Monday, March 2, 2009
I like little, slow movies. I like those stories that don't really revolve around a story at all-- nothing really happens, the soundtrack and establishing shots seem to do as much work as the actors, and the protagonist (usually one who is mopey or eccentric or depressed or full of self-sabotage) meanders her or his way from Point A to B. Think Thumbsucker or Lonesome Jim or Broken English or Before Sunrise or All the Real Girls. Even when stuff happens in these movies, it takes its time to happen, and almost everything plot-related seems subservient to character development. Dedication probably belongs in this category of movies. It is the story of Henry (Billy Crudup), a slightly misanthropic children's book author, who is the mourning the death of his best friend, nearest confidant and collaborator, Rudy (Tom Wilkinson). In order to complete a series of books he is contractually obligated to finish, Henry is paired up with Lucy (Mandy Moore), a sweetheart of an illustrator who falls for Henry.
I found it easy enough to be pulled into the movie. Dedication is a sensitive portrayal of intimacy and loss, and it is as much about a man missing a piece of himself as it is about a man missing his friend. As Henry and Lucy grow closer, and as we learn more about Henry and Rudy's relationship in flashbacks, we get to see the pain and pleasure of people growing close and growing apart. I think Billy Crudup is one of the best working actors around and his performance feels instinctive and relaxed. His Henry feels like a real person thinking real thoughts and I bet if the film had been shot four days ago, his performance might be totally different. Mandy Moore is a cutie (although I liked her better in Saved) and I always think Tom Wilkinson is a good addition.
But the movie kind of flops along. It feels as though the writer (David Bromberg) and director (Justin Theroux) made a decision beforehand about the tone of the film. Dedication feels schticky and intentionally quirky. Henry suffers from committment issues, trust issues and getting along with people issues. He is ornery, sadistic and gets off on insulting his fans (children under the age of ten). He is obssessive compulsive-- can't drive a car without a helmet, lays around his apartment with piles of heavy books on his chest, has a fear of certain numbers. All of those things sound peculiar and unconvential, and seem like they could be compelling character traits, but they just come across as contrived and kind of flimsy. Henry's mixed bag of neuroses feels less like the organic idiosyncracies that result from living in a complicated and complex world, and more like a concerted effort to demonstrate "kooky character."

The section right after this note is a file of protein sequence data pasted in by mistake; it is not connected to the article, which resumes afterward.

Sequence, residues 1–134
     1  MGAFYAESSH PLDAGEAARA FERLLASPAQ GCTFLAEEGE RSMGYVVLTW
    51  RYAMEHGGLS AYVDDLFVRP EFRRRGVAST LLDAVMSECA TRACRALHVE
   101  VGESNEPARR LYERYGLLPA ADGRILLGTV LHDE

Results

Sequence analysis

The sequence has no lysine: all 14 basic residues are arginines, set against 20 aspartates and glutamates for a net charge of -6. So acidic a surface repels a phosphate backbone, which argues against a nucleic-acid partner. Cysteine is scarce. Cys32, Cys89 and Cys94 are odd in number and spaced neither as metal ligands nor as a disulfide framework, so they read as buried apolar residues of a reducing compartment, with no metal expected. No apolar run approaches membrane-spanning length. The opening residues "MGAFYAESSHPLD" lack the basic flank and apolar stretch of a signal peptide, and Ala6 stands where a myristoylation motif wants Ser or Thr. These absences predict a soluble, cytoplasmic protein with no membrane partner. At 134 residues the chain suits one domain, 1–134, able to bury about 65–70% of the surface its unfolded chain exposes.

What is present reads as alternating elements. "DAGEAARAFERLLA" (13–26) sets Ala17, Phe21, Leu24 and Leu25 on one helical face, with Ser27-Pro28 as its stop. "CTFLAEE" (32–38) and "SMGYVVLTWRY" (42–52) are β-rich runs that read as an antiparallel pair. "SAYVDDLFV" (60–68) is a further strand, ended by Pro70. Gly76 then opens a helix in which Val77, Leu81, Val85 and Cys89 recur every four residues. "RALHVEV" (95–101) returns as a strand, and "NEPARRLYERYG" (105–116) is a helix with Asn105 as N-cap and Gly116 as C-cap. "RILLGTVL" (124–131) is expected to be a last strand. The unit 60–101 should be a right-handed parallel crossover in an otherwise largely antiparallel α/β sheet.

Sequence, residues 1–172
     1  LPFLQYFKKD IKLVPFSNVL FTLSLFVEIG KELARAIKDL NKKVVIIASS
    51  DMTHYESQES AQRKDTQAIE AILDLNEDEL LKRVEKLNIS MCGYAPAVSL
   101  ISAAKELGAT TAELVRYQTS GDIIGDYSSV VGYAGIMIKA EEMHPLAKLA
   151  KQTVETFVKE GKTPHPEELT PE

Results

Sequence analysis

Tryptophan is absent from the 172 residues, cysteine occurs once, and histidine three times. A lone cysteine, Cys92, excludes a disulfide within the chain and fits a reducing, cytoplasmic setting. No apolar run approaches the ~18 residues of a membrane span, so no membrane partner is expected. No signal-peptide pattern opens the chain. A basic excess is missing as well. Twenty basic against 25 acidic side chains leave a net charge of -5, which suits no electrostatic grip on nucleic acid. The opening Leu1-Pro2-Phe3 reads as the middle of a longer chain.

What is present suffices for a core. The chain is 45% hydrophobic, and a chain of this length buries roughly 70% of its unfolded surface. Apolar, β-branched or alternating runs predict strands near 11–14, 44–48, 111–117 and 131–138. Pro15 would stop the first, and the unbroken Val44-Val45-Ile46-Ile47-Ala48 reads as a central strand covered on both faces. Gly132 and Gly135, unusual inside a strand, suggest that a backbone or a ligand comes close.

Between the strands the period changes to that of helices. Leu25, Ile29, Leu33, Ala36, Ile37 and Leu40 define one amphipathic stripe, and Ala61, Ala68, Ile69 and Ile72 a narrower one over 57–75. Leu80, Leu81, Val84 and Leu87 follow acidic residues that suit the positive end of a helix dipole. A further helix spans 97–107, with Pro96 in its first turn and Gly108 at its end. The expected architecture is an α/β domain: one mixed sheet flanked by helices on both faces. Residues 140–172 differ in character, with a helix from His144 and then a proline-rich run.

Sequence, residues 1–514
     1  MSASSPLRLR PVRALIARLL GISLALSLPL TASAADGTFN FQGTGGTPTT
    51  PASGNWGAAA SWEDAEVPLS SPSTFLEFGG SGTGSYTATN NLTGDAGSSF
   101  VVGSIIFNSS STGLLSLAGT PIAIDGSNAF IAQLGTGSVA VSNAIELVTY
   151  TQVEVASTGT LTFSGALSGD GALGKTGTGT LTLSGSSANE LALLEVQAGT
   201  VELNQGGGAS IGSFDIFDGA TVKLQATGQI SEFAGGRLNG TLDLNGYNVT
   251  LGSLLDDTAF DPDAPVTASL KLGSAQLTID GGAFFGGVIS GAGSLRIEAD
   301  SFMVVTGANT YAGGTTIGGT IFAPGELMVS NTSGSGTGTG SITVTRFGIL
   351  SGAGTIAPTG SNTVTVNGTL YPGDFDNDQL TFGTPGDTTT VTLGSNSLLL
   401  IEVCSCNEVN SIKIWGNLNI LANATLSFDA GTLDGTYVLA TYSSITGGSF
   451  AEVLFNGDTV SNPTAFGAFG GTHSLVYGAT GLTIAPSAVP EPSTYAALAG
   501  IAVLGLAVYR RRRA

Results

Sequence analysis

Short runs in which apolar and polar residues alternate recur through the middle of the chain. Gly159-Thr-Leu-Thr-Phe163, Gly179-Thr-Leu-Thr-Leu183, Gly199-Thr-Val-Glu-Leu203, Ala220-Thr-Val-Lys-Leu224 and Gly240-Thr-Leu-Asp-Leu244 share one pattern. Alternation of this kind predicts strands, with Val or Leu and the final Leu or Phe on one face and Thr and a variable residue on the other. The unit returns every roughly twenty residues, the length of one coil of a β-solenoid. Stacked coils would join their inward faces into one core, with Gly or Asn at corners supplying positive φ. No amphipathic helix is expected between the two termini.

I'm also not totally sure Crudup and Moore have any chemistry. You root for Henry and Lucy to work out because you're pretty sure their union is where the film is supposed to land. But I didn't feel any real draw between the two, and, like so many other lame-ass love stories, you can never really put your finger on what it is they see in each other. Lucy is extremely patient and understanding with Henry and she has some quirks of her own that make her cute (money problems, man problems, crazy landlord mom always threatening to evict her), but she doesn't feel like a real, textured character. Her interest in astronomy is supposed to be endearing and special, I guess, but it just feels like one of those tacked-on traits characters are given in lieu of real development.
But again, I think the movie has its moments. If you can get past the hokey love story, it might be easy to enjoy the ideas of learning to get over yourself, leaving yourself alone and giving in to someone else.